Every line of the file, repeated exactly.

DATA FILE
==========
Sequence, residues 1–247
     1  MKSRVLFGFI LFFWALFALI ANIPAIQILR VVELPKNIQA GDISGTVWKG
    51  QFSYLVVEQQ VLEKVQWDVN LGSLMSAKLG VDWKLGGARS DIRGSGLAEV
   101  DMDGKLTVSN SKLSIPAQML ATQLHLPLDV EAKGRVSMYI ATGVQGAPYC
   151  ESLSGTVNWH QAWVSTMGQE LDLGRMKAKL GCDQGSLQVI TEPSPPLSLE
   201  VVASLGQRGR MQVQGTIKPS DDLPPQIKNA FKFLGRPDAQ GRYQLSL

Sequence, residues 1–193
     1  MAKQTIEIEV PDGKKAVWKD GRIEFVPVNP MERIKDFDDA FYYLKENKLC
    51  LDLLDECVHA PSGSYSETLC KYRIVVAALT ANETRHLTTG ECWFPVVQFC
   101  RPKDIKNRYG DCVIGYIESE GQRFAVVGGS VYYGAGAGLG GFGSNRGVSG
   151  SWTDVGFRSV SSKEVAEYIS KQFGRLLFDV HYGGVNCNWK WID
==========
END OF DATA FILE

Sequence, residues 1–247
     1  MKSRVLFGFI LFFWALFALI ANIPAIQILR VVELPKNIQA GDISGTVWKG
    51  QFSYLVVEQQ VLEKVQWDVN LGSLMSAKLG VDWKLGGARS DIRGSGLAEV
   101  DMDGKLTVSN SKLSIPAQML ATQLHLPLDV EAKGRVSMYI ATGVQGAPYC
   151  ESLSGTVNWH QAWVSTMGQE LDLGRMKAKL GCDQGSLQVI TEPSPPLSLE
   201  VVASLGQRGR MQVQGTIKPS DDLPPQIKNA FKFLGRPDAQ GRYQLSL

Sequence, residues 1–193
     1  MAKQTIEIEV PDGKKAVWKD GRIEFVPVNP MERIKDFDDA FYYLKENKLC
    51  LDLLDECVHA PSGSYSETLC KYRIVVAALT ANETRHLTTG ECWFPVVQFC
   101  RPKDIKNRYG DCVIGYIESE GQRFAVVGGS VYYGAGAGLG GFGSNRGVSG
   151  SWTDVGFRSV SSKEVAEYIS KQFGRLLFDV HYGGVNCNWK WID